Note down only those few words that are truly essential, relax, allow your mind to be as blank as possible, focus only on the message and on the speaker…. and “voila’” the magic is done.
Il carissmo Paolo Noseda traduce Annie Lennox da ‘Che Tempo che Fa’. Come al solito piu’ che perfetto, mai noioso e sempre ‘a cavallo’ della persone che traduce. Ma senza pedanteria e sopratutto senza finzione.
Mnemonic systems such as the one developed by Cicero centuries ago would come in very handy to consecutive interpreters when traditional note-taking is not feasible. In interpreting for the media, for example, spontaneity is appreciated and scribbling is generally considered inappropriate.
One of the oldest mnemonic systems is the method of loci [LOW-sye]. A “locus” is a location, “loci” is the plural. The Method of Loci uses locations of a familiar place (imagined in memory) as a framework for memory retrieval.
To use the method of loci, you associate items you wish to remember later with locations of a familiar room, building, or street. Then, to retrieve the information, you mentally “stroll down memory lane” and visualize the same locations. If the method works, the information you stored in various locations will come back with the memory of the location. To be effective, one must usually visualize an object “doing something” or interacting in some way with the objects at a particular location.
The method of loci is ancient. Cicero, the Roman orator, recommended it. Lecturers in his day were not allowed to use lecture notes, so memorization techniques were valued.
Cicero told a traditional story about how the method of loci was discovered. A Greek poet named Simonides was entertaining a group of wealthy noblemen at a banquet. Suddenly a pair of mysterious figures called him outside. They turned out to be messengers from the Olympian gods Castor and Pollux, praised by Simonides in his poem. As soon as Simonides stepped outside, the roof of the banquet hall collapsed, squashing everybody inside. The mangled corpses could not be identified until Simonides stepped forward, pointed to the place where each victim had been sitting, and said each name in turn.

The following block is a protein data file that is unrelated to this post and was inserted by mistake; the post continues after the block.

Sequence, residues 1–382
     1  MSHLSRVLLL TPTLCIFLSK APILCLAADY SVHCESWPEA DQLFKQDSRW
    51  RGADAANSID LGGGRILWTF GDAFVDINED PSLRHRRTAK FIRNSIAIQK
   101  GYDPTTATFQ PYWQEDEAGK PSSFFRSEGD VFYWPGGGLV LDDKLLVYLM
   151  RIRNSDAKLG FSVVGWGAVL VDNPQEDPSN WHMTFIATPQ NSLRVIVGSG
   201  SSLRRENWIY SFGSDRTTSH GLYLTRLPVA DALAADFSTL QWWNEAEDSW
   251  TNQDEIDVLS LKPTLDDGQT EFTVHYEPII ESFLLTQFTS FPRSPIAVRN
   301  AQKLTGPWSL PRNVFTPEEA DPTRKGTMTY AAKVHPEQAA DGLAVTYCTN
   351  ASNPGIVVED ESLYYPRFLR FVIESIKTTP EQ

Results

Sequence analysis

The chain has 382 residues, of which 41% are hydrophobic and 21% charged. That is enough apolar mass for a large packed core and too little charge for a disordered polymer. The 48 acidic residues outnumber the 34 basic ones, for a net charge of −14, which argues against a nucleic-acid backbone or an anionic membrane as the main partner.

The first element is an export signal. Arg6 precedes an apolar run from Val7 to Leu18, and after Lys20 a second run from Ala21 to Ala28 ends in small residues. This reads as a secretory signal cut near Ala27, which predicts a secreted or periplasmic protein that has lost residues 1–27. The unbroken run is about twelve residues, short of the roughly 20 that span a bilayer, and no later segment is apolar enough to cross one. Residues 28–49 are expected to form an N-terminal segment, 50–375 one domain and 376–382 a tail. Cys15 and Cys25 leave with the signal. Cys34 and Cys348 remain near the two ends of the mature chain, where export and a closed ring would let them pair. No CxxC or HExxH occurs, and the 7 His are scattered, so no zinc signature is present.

How did Simonides accomplish this feat? He mentally recreated the scene of the banquet, visualizing each reveler in his place. When he saw the places, it helped him remember the person who had been sitting there.
(From Psychology: An Introduction by Russell A. Dewey)
A more modern approach would involve the use of a digital voice recorder, as already discussed in this same Blog and previously in some SCIC Newsletters (see Simultaneous/Consecutive Mode).
An optimal segmentation of the source message is by far a simultaneous interpreter’s most important resource to avert the risk of falling behind a fast speaker, of missing some important information or overloading short term memory.
While this may not come as a novelty, few interpreters will be aware that they can learn to master this technique through an apparently unrelated discipline: subtitling.
Here is a brief excerpt from a very informative article that I recently came across in the Translation Journal.